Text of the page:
The First Minister released vital Christmas guidance at a press conference in Edinburgh on Wednesday.
People are recommended to remain with their own households in their own house at Christmas, only forming Christmas bubbles if they absolutely have to.
She added that if someone hasn’t already planned a Christmas bubble, they now shouldn’t.
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Last updated: Thursday, 17 December, 2020, 12:45
- The First Minister has issued vital Christmas guidance.
- More than 18,000 already received first dose of coronavirus vaccine.
- 900 Scots told to self-isolate in error after technical fault in app.
‘That is the best way of keeping yourself and your loved ones safe’ - Nicola Sturgeon issues vital Christmas guidance to Scotland
First Minister Nicola Sturgeon, along with the leaders of the UK Government and the Welsh Government, has issued guidance on how people should celebrate Christmas this year.
Neil Gaiman: Coronavirus has made me realise how fragile the world is
Neil Gaiman says the coronavirus pandemic has made him realise how "fragile" the world is.
The author said that civilisation "can break so easily and it can break for any of us".
Gaiman, 60, who is a goodwill ambassador for UNHCR, the UN's refugee agency, was speaking as he unveiled a list of films aiming to spread hope amid the pandemic.
He told the PA news agency: "Looking at civilisation, especially in these Covid days... it is so fragile."
Gaiman said he never stops "being aware that this can go away".
He said that on a trip to a Jordanian refugee camp he met people from Syria who "had worked in corner shops, they had sold insurance, they had worked in car showrooms".
The American Gods writer added: "Whether we have a place to live in or not, we are all dealing with a world of Covid-19 and that Covid-19 world that we are in is awful.
"The vulnerable are more vulnerable than ever."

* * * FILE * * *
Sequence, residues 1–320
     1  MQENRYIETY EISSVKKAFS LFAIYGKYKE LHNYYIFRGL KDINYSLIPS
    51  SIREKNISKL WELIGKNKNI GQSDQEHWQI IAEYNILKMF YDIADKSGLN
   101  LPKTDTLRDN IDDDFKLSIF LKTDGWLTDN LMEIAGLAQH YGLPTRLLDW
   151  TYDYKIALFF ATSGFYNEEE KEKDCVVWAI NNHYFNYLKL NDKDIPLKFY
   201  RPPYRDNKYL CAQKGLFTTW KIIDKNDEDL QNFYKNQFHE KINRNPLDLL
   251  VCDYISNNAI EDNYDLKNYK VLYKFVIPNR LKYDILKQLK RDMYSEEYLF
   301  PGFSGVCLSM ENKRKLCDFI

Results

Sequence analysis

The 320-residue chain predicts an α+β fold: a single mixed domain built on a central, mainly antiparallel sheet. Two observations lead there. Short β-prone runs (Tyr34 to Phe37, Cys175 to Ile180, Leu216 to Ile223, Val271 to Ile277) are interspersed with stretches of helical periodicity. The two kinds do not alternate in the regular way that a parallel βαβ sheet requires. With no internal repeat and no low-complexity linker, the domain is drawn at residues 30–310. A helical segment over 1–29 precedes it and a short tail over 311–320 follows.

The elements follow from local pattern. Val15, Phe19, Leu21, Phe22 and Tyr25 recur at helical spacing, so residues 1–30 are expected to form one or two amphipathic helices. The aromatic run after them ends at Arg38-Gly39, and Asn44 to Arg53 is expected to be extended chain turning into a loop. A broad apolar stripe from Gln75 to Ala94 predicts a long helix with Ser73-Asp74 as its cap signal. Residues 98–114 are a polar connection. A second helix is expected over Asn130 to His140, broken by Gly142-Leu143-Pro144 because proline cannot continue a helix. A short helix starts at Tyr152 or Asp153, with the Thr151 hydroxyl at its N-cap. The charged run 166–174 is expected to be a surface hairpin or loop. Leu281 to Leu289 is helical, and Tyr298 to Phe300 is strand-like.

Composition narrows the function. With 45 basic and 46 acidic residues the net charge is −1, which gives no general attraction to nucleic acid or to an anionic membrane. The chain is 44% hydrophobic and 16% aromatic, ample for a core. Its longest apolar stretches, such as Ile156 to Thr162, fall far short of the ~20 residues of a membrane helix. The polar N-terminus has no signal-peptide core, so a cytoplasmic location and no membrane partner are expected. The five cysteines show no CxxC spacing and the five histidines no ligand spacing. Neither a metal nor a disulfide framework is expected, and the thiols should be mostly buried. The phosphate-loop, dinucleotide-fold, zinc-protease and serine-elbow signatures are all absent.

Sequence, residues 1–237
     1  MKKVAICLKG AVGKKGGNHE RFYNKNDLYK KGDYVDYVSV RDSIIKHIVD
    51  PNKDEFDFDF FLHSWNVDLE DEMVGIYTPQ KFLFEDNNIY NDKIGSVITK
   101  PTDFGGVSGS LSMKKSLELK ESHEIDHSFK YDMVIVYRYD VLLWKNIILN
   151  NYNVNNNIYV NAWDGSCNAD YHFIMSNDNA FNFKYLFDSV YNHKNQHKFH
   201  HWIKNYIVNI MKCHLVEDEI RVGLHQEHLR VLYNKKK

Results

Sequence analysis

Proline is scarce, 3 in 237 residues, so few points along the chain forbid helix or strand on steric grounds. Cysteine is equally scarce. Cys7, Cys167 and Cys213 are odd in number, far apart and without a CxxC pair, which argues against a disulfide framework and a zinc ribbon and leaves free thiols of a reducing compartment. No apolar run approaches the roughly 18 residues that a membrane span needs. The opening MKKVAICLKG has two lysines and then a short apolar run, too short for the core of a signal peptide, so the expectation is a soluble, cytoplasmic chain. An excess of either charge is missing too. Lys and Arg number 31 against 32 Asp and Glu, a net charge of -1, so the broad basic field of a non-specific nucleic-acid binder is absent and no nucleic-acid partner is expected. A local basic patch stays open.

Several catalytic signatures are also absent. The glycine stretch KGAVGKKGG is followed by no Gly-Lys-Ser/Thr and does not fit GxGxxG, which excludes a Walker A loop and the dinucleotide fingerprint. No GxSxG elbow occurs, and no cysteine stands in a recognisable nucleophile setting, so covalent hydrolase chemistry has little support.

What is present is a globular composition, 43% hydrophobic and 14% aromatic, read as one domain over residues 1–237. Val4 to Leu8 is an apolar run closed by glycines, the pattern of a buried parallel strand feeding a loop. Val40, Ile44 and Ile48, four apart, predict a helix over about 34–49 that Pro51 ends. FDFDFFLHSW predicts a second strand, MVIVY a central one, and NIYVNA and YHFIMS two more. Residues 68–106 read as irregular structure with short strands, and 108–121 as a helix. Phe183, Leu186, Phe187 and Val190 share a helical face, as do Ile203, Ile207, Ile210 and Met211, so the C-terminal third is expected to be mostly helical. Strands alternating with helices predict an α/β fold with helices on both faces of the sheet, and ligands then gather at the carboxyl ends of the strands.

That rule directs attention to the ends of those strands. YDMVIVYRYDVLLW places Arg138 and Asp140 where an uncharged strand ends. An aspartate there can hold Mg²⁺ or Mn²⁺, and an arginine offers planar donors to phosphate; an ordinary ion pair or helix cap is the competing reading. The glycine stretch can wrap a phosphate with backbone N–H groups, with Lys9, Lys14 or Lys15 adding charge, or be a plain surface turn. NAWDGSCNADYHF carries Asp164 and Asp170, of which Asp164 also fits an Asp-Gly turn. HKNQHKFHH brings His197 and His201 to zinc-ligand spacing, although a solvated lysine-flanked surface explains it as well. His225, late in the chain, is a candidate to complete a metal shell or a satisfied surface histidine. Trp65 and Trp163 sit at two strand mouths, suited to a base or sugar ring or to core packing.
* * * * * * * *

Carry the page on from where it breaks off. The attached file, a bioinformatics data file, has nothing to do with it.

French president Emmanuel Macron has coronavirus.
Deputy First Minister cannot rule out post Christmas lockdown
Tougher coronavirus restrictions after Christmas - including a potential lockdown - is a "possibility" due to a "rising tide of Covid", the Deputy First Minister has said.
John Swinney said on Thursday that the Cabinet will meet as it usually does on Tuesday to discuss restrictions across the country, but could not rule out the imposition of strict new measures in Scotland.
According to Mr Swinney, cases are beginning to rise again in Scotland, with 99 cases per 100,000 people 10 days ago increasing to 116.
"Unfortunately, in Scotland today, we are in a rising tide of coronavirus cases," he told the BBC.
"The less we do to have social interaction in the period going forward, the better, in terms of stemming the rise in coronavirus cases within our community."
The Welsh Government announced on Wednesday that tougher restrictions will be imposed on the country immediately after the Christmas easing period, which is due to end on December 27.
Asked if the Scottish Government is considering similar measures, the Deputy First Minister did not rule out the idea of a lockdown or tougher restrictions.
"We'll have to look at what the forward prospects look like, we'll have to take decisions that will be sustainable for a period into January and February to protect the public interest and protect the National Health Service," he said.
Asked specifically if there could be greater restrictions or a possible lockdown, he said: "That could be a possibility, I can't rule it out.